TABLE D'HOTE: What hath Chicken Little wrought?

Wade McIntyre

My experience with classroom economics was harsh and scathing. I was forced to drop my first and only course like a hot potato.

After waiting two weeks before attending a lecture, I learned with dismay that the class was a third of the way finished with a huge textbook that I had yet to even purchase.

Plus, I kept dozing off in my first and only class.

If I had stuck with macroeconomics, would I be more economically astute today?

Somehow, I doubt it.

No economics class can explain how Republican Presidential candidate John McCain feels comfortable claiming that Barrack Obama and the Democratic Party will lead American down the road to Socialism when Republican President George Bush has already done it. Bush’s Treasury Secretary Henry Paulson last week gave nine of America’s biggest banks huge transfusions of cash with a caveat - the U.S. government now owns a healthy chunk of each bank.

For McCain to deny that the current administration has opened the Socialism floodgate in America and accuse Obama of planning to do it is most peculiar. A good class to learn about this mysterious development in the campaign might be Philosophy 101 - in the chapter which discusses Human Folly.

Nor do I think staying awake in economics class would help me explain a very strange business merger planned on Wall Street. General Motors, easily the most greedy and myopic auto manufacturer in the world, is trying to buy Chrysler,  a company resurrected by Lee Iacoca that has once again sunk down into its deathbed.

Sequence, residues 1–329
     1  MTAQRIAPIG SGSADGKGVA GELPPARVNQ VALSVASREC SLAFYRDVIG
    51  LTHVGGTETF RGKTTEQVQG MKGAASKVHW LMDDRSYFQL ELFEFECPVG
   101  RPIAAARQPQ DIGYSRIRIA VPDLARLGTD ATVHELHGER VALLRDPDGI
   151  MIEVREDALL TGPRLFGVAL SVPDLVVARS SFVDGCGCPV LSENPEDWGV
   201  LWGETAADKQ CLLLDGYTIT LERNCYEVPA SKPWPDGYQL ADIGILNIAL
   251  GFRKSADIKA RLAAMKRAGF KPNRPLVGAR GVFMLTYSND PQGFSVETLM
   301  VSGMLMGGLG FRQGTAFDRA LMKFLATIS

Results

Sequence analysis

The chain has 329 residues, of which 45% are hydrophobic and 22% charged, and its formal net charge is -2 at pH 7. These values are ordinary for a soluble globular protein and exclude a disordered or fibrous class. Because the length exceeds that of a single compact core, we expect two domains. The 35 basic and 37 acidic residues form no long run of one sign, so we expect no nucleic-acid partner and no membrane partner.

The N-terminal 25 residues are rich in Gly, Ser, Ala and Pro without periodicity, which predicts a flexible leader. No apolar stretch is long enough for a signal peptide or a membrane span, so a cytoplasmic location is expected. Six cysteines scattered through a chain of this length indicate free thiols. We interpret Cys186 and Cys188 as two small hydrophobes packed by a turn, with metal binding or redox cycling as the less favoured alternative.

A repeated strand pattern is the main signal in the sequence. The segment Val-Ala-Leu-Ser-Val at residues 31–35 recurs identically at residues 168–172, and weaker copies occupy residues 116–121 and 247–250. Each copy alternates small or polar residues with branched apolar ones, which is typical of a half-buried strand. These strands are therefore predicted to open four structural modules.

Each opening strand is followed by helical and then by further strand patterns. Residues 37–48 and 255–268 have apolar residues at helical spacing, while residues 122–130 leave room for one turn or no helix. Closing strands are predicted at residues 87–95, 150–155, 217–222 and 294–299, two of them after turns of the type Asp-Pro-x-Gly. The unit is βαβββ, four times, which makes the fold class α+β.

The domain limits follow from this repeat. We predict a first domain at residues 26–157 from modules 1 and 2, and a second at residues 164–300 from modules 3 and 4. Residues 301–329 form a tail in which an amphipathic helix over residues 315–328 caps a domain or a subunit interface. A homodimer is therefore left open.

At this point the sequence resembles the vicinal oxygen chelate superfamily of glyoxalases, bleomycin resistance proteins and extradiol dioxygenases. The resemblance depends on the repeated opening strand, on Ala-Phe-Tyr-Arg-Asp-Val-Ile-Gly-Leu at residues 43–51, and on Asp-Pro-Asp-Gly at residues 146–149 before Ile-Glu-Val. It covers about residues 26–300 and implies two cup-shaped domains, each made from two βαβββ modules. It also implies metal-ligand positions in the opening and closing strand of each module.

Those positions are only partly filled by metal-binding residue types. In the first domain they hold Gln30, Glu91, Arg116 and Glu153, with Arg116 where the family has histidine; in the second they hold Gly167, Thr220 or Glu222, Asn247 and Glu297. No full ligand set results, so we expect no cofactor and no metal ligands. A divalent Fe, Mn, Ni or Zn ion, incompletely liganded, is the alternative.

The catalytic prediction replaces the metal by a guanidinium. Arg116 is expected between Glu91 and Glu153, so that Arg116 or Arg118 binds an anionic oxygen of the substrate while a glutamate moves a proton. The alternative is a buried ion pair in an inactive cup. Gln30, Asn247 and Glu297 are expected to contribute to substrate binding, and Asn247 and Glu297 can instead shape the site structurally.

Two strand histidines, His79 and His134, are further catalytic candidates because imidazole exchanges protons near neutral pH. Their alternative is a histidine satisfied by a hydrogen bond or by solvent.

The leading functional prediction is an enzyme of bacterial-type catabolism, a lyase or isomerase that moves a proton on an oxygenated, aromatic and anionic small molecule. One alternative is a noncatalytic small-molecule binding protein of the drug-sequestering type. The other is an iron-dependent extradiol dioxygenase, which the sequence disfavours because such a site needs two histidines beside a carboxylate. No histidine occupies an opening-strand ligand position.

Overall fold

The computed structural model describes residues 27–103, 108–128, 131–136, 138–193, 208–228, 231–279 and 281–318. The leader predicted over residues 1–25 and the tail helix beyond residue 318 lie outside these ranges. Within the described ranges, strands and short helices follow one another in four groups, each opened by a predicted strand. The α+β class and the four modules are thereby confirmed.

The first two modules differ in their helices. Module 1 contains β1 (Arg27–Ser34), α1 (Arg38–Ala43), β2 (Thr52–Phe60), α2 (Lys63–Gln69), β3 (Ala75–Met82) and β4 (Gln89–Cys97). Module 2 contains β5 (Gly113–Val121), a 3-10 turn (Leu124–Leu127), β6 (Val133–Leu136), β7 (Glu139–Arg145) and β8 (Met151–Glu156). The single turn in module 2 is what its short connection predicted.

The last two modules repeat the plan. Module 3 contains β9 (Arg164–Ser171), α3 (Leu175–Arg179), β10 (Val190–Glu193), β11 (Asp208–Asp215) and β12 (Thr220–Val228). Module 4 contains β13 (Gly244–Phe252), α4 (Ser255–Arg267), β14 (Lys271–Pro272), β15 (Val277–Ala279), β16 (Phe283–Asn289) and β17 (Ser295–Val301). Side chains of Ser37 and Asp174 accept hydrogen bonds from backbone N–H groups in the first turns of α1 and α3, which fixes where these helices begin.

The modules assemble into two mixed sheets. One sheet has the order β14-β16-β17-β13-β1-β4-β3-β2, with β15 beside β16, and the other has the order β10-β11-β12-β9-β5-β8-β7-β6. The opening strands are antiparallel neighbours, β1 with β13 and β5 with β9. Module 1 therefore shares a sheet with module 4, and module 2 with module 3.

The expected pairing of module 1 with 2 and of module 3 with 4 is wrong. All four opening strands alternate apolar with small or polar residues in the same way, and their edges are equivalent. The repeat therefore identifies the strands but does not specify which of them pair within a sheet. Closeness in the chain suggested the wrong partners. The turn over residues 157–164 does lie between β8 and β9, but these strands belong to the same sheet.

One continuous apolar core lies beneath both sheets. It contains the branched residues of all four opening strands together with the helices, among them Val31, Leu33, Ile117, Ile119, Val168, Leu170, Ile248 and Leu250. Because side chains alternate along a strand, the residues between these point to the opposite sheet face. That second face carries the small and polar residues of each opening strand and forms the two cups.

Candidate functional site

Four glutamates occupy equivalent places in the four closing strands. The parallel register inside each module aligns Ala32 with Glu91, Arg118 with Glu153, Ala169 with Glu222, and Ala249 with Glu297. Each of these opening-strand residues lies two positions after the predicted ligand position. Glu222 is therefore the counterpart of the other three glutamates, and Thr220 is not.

This potential deal is too phantasmagoric to digest. Both companies are flirting with bankruptcy. GM’s stock is hovering at levels not seen since the 1950’s. Average Americans are hard pressed to name a popular Chrysler vehicle.

If the merger goes through, the ridicule heaped on GM will rival the New Coke debacle. Who in their right mind wants to buy a Chrysler from General Motors? Maybe the answer lies in Marketing 101 - under the heading Selling Green Catsup.

One thing about economics is as certain now as it was at the dawn of civilization. All the world over, people have to eat. Today, many people eat chicken because it tastes good, is cheap, and you can find it in virtually any restaurant and fast food outlet in America.

So how does a company like Pilgrim’s Pride, the world’s biggest chicken company, stand by and let its stock value drop from $33 this time last year to $3.23 last week? Things are so bad at the Texas foul producer that the company has hired a bankruptcy counsel to help save its skin.

The company’s failure may be partially rooted in economics, the high price of corn, consumer cutbacks in dining out, etc. But, the real reason Pilgrim’s Pride lost its feathers can be found in a Religion 101 class - under the chapter on Greed.

Two years ago, Pilgrim’s Pride owner Lonnie Pilgrim went into the marketplace on what he said was a mission from God. He structured a plan to purchase a top competitor in the lucrative chicken market for $1.1 billion. Soon, Lonnie Pilgrim owned Gold Kist Inc., and top pecking rights at the largest chicken company in the world.

To pull the deal off, Pilgrim acted as many did before the economy tanked. The company and its owner borrowed like the bank was a little piece of heaven.

Today, Americans watch in dismay while a top food provider crumbles to the ground. At Pilgrim’s Pride, the sky is falling, and no one is laughing at Chicken Little.

Wade McIntyre is a reporter for The Gonzales Weekly Citizen. He can be reached at